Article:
19 October 2011

Interfaith Week: an inaugural success

You may not have realised it, but last week was the start of something special. The never seen before, Interfaith Week hosted by the University of Sydney Union splashed onto the stage. It was the first of its kind at an Australian university, and with it came a profound and spectacular display of the history, culture and beliefs that different faiths adhere to. With great diversity and imbued respect, these different faith-based communities came to discuss and more importantly share what shapes their identities.

As a recognition of the thousands of faithful students at the University of Sydney, Interfaith Week first manifest as a policy in a Union election one and a half years ago. With much encouragement and support of the USU, the idea found its way into the hands of the two inaugural Interfaith Week directors, Kate Wilcox and Sarah Segal who with great enthusiasm, breathed life into the festival. Kate who hailed from the Evangelical Union and Sarah, an executive of the Australian Union of Jewish Students (AUJS) had differing experiences within their communities but came together with one mandate, to start a discussion about faith. Whilst that sounds straightforward, their job became more complex, as they weaved in events that displayed the depth of culture that surround the different faiths, be it their art, music or food.

The outcome of the week was not a mere discussion between the religious societies on campus, for that would have only met the lowest criteria. But rather, issues of great significance and personal prominence were discussed between students of all creeds, faith-based or not. Interfaith week as an act of pluralism allowed for the faith-based societies on campus to give proper consideration to antithetical views and work with members from other societies. However Interfaith Week also an act of outreach was of great significance, bringing together faith-based communities with students that don't hold great affinity for faith, or are aggrieved by certain issues and having honest dialogue. The impressive turnouts at 'Religion and Women' and 'Religion and LGBTIQ' showed that the week held the perfect temperature, cool enough not to inflame or offend, and warm enough for satisfying and serious discussion to be had.

So what actually happened during the week? 

Monday - Launch Brunch
Brunch was on the Union, and whilst it was a light spot of tea the questions dug deep. 
The presidents of different religious societies came together to discuss in panel form, the possibilities of interfaith dialogue and what its value was.
Many thanks to the presidents who spoke;

- Joel Einstein (AUJS)
- Hugh Chilton (EU)
- Hajar Rafiq (SUMSA)
- Martha Gouniai (Baha'i)
- Savitha Narayan (HinduSOC)
- Alison Chau (UniBodhi)

Tuesday - Religion and Women
An impressive range of speakers aimed to reconcile the modern concerns of women and religion, their rights and roles.

- Anisa Memari (President of Baha’i Society)
- Dr Laura Beth-Bugg (Lecturer in Sociology of Religion at USyd)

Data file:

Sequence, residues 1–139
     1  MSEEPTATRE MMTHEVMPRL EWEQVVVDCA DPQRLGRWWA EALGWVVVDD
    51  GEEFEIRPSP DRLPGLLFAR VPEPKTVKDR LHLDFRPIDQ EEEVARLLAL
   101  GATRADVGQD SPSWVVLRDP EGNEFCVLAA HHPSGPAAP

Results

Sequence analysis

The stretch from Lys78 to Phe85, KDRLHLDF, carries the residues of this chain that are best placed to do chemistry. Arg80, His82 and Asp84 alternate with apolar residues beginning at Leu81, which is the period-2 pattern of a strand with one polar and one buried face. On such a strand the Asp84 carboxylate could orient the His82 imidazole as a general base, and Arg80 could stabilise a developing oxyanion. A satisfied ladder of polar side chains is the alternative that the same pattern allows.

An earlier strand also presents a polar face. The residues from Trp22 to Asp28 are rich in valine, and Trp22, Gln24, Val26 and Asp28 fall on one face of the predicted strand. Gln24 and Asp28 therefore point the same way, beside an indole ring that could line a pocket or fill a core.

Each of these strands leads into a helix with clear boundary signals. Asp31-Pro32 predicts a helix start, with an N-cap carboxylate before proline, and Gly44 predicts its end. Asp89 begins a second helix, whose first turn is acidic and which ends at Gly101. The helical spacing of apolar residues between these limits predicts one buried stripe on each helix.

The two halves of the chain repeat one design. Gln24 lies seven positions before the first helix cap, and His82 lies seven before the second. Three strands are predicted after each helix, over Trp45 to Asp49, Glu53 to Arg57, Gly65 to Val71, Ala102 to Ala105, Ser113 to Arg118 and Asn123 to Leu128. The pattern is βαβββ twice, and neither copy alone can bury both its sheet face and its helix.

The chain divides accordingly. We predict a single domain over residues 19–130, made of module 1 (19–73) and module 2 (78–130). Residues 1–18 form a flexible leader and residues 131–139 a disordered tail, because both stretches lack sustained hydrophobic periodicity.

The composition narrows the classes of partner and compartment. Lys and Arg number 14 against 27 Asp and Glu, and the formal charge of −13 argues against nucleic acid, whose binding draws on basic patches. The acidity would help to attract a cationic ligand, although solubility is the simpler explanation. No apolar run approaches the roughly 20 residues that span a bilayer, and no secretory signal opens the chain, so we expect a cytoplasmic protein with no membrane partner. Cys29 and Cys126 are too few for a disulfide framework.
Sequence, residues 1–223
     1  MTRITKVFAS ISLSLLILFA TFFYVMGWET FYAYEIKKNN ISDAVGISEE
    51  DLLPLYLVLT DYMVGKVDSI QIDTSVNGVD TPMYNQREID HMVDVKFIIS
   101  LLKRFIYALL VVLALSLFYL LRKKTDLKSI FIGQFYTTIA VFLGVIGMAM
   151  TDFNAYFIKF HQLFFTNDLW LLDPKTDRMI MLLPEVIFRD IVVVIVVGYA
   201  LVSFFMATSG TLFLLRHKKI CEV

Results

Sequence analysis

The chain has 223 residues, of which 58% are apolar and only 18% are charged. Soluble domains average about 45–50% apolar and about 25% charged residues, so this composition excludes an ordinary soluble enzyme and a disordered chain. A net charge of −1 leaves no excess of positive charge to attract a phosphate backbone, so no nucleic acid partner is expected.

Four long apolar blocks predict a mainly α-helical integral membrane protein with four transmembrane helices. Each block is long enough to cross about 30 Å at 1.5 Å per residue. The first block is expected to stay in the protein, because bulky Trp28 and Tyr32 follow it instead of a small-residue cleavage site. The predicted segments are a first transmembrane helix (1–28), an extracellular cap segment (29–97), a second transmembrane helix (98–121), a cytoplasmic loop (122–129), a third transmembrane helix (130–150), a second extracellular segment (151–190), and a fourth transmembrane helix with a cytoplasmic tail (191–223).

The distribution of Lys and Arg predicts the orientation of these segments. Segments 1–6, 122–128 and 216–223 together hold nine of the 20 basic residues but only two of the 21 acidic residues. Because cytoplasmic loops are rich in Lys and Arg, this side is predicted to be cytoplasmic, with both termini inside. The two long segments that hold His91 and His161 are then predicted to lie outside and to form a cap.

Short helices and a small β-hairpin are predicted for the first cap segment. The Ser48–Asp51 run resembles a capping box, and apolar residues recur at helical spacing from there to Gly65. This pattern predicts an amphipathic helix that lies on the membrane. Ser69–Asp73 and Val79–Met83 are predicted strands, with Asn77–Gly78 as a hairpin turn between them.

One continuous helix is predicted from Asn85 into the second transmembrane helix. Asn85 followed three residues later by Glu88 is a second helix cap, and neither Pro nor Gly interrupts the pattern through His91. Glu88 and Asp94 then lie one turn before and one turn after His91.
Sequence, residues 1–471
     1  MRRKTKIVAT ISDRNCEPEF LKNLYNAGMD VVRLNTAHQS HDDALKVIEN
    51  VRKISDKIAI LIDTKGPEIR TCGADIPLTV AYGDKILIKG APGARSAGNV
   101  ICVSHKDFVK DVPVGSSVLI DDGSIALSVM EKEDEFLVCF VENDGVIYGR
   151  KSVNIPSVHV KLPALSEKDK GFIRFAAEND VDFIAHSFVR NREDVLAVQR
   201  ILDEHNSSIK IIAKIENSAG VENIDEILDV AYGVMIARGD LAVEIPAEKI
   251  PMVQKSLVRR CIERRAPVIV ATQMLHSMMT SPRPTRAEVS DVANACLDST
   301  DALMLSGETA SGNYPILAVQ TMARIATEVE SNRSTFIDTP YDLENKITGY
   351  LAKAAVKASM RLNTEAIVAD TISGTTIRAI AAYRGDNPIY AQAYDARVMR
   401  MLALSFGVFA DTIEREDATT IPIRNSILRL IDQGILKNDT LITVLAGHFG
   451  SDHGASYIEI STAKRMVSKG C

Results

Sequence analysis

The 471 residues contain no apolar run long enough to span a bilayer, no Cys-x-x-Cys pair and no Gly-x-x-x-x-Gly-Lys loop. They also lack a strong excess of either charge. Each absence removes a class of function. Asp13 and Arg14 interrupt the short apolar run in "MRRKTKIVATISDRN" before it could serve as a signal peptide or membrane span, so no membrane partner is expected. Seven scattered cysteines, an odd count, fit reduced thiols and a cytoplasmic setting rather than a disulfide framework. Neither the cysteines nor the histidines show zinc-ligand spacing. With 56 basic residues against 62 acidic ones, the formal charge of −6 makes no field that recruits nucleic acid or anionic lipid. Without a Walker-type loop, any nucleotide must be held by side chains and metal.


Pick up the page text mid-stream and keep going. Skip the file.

- Rabbi Jacqueline Ninio (Rabbi at Emanuel Synagogue)
- Ghena Krayem (Lecturer in Law at USyd)
- Bhante Sujato (Buddhist community leader)

Tuesday - the Great Debate
The Law School foyer was beaming with life as Scott Stephens (ABC Religion and Ethics editor) dove right into the issue of whether society has outgrown religion.
In an impressive and well informed discussion there was an impressive lineup;

- Scott Stephens (editor, ABC Religion and Ethics)
- Greg Clarke (journalist and CEO of the Bible Society Australia)
- Avril Alba (Director of Education at the Sydney Jewish Museum)
- Peter Bowditch (immediate past president of the Australian Skeptics Association)
- Martin Hadley (Barrister)

Wednesday - Faith Fair
In a strong display of community, the faith based societies gathered outside the law lawns in celebration of their beliefs, accompanied with food, music and cultural expressions of faith.

Thursday - Religion and LGTBIQ
In a true display of diversity, speakers from different Christian and Jewish communities came to address a full Isabel Fiddler room on the issues of sexuality and spirituality with;

- Amy McBurney (EU)
- Curtis Dickson (CSU exec)
- Brandon Srot (Head of Youth Dayenu, the Jewish LGBT community)

Friday - Poetry Slam 
As a conclusion to the week, real dosh was put up as winnings for the poetry competition. 14 contestants went to heads for a $500 first prize, a $250 second and $100 third prize.

Apart from the range of USU organised events, clubs and societies were called to organise their own events. 
Notable events were SUMSA's 'Islam: a fundamental discussion', the combined event 'The Historical Jesus: Does he have a leg to stand on' run by the EU, Catholic Society (CSSP) and Fellowship of Orthodox Christian University Students (FOCUS). Likewise AUJS held '10 Things i hate about Jews', CSU "Is Jesus the only saviour' and 'Buddhism in the Modern Word' by Unibodhi.

It was a successful week and a strong start to a new addition to the USU calendar, but the week never ends. The strength of Interfaith week testifies to the energetic nature of the religious societies on campus, who work tirelessly to help students better understand faith and religion year round. If you have further interest or desire more discussion, make sure to get in contact with your society of choice through; http://www.usuonline.com/find_a_club/

James Flynn
Board Director

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